1. Write like you talk.
One of the fastest ways to improve your writing is not to write any word or phrase you wouldn’t use in conversation. That means deleting a phrase like “I am of the opinion that” — and replacing it with the conversational “I think.” Don’t worry — your readers won’t miss the formal stuff.
2.When in doubt, hit “Enter.”
A two- or three-line paragraph is a lot easier to read than a seven-line paragraph. Break up your longer blocks of text.
3. Avoid vague expressions.
Precise language is a key to great writing. Watch your use of “I’ll have that any day now” or “I’m finalizing the report.” Replace these with phrases that give concrete information – “I’ll have it for you Tuesday.”
4. Give your points room.
Want to make a point as strongly as possible? Give it lots of breathing room on the page or screen. Nothing makes a statement like “We came in under budget” more powerful or memorable than placing it all alone in its own paragraph.
5. Watch the jargon.
COTS. WYSIWYG. FASB. What am I talking about? Exactly. Not all of your readers know the quirky language of your area of focus. So when you’re writing for any audience other than your inner circle of co-workers, don’t use jargon without defining each term.
Don’t use words that might trip you up.
A confession: I almost always mispronounce the word “distribute” or any variation of it – distributing, distribution, distributor, etc. – especially when I’m talking fast. If I’m describing a series of participants in a supply chain, for example – “… manufacturers, wholesalers, distributors…” – I’ll place the emphasis on the wrong syllable and say “dis-tributors” rather than “dis-trib-utors.”
During a live presentation you get just one chance to deliver each line, each word, flawlessly. If you stumble over or mispronounce a word, it can disrupt the flow of the point you’re making. If it happens more than a few times, it can also make both you and your audience uncomfortable.
It’s a good idea to monitor yourself for any words that trip you up – your own versions of “distribute” – and make a point to keep those words out of your live talks.
When you catch yourself in conversation slipping up on a word, jot it down and add it to your list. Then, when you’re preparing notes for your presentation, you can refer to that list and make sure that no part of your talk will put you in a position where you have to use one of these words.
It’s also a good idea to keep out long, complex words from your presentations. All of us occasionally trip over words like “inexplicable,” “extemporaneous” or “demagoguery.” So try not to include words like these in your presentations or speeches.
Trim fat. Leave less. Cut, cut, cut. Your writing will be far better.
Clean your desk.
Sounds like an odd tip for better writing. But stay with me.
Imagine you’re about to write a policy memo to your staff. You lift the file folders off of your chair and set them on the floor, then sit down at your cluttered desk (which your colleagues call “Mount Stackapaper”).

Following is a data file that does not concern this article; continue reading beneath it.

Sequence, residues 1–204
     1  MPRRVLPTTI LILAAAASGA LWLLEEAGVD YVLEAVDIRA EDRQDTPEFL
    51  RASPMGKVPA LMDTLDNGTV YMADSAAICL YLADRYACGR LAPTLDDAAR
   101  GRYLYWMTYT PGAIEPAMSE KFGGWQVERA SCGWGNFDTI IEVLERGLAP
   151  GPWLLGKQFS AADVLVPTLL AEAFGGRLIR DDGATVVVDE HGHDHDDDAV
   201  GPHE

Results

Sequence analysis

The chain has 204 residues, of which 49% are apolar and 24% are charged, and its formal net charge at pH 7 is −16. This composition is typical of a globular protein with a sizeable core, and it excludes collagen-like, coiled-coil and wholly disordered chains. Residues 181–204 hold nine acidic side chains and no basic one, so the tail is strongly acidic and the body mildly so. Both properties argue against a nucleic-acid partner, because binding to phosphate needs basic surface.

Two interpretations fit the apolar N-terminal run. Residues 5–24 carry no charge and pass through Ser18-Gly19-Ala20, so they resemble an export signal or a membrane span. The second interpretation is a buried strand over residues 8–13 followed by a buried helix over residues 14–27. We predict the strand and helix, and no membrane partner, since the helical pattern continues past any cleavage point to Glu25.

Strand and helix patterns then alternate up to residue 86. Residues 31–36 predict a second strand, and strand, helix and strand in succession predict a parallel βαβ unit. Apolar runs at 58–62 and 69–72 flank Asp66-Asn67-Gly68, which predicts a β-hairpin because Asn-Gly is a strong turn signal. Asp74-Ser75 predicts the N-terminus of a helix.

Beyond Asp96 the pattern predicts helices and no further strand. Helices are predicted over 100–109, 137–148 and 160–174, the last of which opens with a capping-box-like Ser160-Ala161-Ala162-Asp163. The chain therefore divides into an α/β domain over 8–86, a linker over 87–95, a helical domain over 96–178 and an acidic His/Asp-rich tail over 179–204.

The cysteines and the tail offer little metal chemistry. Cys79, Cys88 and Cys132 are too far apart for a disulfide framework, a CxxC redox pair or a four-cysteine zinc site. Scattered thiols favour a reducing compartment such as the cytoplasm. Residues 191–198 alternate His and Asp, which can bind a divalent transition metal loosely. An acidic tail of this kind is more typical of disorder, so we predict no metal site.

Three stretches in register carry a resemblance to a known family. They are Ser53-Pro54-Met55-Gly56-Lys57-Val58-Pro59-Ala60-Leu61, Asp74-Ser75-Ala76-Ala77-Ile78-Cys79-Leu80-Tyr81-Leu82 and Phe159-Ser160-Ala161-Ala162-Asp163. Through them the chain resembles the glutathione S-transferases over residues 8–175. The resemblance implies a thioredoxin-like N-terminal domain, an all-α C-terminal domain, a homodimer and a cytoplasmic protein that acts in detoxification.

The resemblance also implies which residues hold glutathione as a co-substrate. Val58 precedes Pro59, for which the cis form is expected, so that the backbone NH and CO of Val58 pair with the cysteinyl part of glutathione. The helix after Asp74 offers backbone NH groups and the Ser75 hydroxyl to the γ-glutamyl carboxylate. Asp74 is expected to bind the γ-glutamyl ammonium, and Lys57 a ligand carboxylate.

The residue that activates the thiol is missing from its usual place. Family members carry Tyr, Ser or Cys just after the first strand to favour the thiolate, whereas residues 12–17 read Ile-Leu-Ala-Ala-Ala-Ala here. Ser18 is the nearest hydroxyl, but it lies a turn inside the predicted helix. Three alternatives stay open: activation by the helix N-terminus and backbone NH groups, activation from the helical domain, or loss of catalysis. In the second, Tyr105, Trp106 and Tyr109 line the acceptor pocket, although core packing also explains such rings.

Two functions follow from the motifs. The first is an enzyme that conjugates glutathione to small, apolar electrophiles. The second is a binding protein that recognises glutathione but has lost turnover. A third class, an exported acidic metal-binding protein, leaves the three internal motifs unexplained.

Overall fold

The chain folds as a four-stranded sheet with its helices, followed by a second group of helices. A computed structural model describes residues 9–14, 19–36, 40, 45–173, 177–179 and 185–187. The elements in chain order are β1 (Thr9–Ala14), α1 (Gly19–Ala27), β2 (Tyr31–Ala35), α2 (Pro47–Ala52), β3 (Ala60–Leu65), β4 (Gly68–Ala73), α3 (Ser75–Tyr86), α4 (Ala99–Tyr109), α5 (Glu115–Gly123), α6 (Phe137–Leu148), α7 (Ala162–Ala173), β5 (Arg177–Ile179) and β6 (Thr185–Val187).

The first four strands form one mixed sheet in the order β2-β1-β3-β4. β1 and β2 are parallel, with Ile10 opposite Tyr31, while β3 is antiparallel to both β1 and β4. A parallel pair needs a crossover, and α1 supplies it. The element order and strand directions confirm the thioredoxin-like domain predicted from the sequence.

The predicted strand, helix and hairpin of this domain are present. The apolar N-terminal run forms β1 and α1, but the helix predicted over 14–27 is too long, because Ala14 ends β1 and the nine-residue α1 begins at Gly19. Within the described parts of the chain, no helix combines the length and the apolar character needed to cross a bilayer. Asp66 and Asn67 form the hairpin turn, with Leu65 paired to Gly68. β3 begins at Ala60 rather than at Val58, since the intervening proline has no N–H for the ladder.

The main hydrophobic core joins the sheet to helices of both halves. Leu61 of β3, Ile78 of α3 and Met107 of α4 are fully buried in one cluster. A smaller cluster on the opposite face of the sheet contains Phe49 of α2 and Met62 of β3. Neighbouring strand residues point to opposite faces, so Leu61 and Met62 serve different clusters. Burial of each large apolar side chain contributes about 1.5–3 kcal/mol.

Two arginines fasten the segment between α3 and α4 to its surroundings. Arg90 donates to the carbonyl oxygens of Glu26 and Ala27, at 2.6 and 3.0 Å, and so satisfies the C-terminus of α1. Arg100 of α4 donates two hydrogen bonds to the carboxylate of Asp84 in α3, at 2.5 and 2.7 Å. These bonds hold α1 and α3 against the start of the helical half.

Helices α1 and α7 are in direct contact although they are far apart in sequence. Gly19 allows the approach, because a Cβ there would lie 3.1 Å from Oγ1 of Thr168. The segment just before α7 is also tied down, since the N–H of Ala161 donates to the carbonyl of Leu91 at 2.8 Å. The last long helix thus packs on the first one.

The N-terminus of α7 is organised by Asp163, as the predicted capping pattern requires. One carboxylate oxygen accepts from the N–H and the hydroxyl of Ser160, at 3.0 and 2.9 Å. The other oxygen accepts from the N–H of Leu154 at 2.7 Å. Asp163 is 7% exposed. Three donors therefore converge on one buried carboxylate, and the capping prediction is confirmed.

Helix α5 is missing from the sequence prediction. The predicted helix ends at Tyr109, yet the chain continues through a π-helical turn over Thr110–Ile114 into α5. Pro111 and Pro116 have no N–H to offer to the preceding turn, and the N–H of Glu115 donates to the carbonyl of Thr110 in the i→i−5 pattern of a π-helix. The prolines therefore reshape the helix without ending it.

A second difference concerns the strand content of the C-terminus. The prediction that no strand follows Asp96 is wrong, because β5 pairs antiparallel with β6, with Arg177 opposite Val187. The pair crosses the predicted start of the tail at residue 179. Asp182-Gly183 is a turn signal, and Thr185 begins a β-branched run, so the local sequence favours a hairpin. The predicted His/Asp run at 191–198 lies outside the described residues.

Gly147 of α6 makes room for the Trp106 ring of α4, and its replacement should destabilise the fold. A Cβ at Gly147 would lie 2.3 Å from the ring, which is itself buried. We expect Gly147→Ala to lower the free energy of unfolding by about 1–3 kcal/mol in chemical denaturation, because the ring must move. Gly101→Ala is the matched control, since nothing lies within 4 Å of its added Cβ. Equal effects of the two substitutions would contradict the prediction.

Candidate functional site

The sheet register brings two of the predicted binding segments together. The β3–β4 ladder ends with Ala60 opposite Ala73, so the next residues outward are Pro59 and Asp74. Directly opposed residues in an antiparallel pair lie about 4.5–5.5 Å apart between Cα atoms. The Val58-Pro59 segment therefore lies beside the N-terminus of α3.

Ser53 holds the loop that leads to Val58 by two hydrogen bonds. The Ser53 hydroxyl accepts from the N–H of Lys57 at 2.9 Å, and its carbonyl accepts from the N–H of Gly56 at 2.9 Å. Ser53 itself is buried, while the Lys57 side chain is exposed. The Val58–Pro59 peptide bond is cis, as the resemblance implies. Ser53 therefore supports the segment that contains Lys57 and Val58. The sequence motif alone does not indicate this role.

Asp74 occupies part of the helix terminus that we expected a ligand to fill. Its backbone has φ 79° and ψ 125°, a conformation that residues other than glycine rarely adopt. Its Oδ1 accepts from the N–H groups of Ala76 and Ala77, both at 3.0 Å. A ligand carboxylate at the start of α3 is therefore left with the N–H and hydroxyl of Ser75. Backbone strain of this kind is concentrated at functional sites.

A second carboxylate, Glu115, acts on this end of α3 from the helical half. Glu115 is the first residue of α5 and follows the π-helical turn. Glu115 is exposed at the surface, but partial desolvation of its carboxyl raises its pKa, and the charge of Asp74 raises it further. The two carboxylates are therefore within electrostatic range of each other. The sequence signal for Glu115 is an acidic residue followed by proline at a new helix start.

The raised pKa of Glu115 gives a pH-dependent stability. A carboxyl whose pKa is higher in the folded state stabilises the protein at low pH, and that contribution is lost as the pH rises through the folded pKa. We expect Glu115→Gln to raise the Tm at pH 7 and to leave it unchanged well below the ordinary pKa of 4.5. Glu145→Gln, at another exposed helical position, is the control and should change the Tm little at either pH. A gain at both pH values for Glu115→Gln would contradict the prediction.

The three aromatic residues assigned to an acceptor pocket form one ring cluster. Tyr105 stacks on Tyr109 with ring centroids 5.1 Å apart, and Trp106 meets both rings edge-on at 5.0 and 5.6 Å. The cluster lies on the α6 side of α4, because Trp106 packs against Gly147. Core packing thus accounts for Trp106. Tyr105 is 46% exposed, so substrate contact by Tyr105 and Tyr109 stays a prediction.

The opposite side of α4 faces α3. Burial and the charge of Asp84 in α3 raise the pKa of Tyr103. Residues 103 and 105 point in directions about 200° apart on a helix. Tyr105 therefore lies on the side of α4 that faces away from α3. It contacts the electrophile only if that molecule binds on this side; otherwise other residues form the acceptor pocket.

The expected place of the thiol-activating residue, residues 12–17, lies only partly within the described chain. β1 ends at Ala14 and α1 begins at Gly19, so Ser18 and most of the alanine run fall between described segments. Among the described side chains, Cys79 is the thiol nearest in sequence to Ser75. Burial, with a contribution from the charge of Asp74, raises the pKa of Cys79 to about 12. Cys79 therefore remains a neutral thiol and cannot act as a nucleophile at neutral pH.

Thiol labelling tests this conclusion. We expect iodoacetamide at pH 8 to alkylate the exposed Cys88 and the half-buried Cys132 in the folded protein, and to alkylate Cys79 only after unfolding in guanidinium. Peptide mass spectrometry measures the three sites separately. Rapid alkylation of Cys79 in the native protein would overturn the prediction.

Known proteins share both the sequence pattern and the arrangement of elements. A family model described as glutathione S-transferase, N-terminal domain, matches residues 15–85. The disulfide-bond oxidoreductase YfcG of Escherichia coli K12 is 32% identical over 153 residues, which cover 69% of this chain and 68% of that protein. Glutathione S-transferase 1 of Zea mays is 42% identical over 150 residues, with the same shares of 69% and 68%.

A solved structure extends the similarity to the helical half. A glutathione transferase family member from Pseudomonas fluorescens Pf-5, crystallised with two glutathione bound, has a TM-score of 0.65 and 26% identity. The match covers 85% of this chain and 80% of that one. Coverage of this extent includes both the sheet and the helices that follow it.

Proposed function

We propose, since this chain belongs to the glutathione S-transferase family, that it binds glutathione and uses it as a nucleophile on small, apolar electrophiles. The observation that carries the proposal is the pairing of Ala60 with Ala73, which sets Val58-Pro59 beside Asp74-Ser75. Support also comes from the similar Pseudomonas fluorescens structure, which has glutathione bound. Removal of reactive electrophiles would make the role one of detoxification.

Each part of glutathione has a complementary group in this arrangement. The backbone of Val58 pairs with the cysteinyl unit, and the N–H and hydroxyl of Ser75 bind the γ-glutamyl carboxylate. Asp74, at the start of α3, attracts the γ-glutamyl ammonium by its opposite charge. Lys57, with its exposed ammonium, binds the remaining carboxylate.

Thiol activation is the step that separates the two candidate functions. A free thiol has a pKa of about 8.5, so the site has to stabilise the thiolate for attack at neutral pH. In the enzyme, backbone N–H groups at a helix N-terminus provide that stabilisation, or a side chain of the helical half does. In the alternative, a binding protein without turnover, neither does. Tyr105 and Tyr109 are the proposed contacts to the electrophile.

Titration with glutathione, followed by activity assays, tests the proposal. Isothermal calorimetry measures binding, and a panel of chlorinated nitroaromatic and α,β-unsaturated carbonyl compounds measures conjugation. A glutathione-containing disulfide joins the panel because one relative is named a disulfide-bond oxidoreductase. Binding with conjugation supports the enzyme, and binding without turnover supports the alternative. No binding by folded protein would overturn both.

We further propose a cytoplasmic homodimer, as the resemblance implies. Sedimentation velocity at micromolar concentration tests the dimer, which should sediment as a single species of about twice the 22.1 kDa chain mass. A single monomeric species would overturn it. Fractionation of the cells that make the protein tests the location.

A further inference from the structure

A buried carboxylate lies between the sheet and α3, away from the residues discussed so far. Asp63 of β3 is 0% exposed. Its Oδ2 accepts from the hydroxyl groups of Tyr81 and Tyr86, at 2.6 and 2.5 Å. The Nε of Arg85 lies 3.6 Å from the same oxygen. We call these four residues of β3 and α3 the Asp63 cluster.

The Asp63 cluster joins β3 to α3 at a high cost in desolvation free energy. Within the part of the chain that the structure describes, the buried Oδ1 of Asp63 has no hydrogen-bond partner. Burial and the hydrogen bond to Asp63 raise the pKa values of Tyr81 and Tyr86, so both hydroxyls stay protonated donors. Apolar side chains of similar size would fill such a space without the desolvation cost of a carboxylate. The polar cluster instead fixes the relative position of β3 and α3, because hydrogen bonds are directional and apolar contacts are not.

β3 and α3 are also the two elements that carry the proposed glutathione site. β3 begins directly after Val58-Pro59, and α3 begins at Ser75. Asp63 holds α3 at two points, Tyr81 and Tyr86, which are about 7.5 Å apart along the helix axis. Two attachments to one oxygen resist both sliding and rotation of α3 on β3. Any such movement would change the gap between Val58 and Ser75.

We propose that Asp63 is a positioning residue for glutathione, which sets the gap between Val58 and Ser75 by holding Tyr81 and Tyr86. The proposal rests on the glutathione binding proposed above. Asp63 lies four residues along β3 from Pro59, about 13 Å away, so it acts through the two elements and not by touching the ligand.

You remember that one of the files you just set on the floor has an important letter you need to read before this afternoon’s conference call. You remind yourself to dig out that letter as soon as possible.
Next you push aside a small pile of notebooks blocking your mouse, and you realize one of them has your notes from the morning’s staff meeting, which you need to type up and distribute. Note to self: do that after the policy memo… no, wait, after you read that letter in the file on the floor.
You grab your mouse, open a blank document on your word processor, and begin thinking of a title for your policy memo. But then you spot a series of sticky notes affixed to your monitor. One of them reminds you to “CALL JANICE RE: OPEN ENROLLMENT QUESTION!” Note to self: call Janice, then find notes in notebook, then read the letter that’s somewhere on the floor.
The clutter around your workspace is sending you a constant stream of reminders and obligations and distractions. The mess is keeping you from being able to focus fully on your current task: writing that policy memo.
Even if you manage to complete a draft, what are the chances it will be as good as it could be? Not very good, because you’ll have written it over the constant, distracting noise of your office clutter.
Contrast that scenario with sitting down to write at a completely clean desk. You pull up your chair and see only your monitor, mouse and keyboard in front of you. You take a deep breath and begin focusing on just one thing: policy memo. That ability to focus, that clarity in your mind about the task at hand, means you are going to write a better document.
Related suggestion: A clean, organized workspace is ideal for writing time. But if you can’t clear the clutter, and you can’t find a clean space for writing, use someone else’s desk. Their clutter might be annoying, but it won’t mean anything to you, so it won’t be as distracting as your own.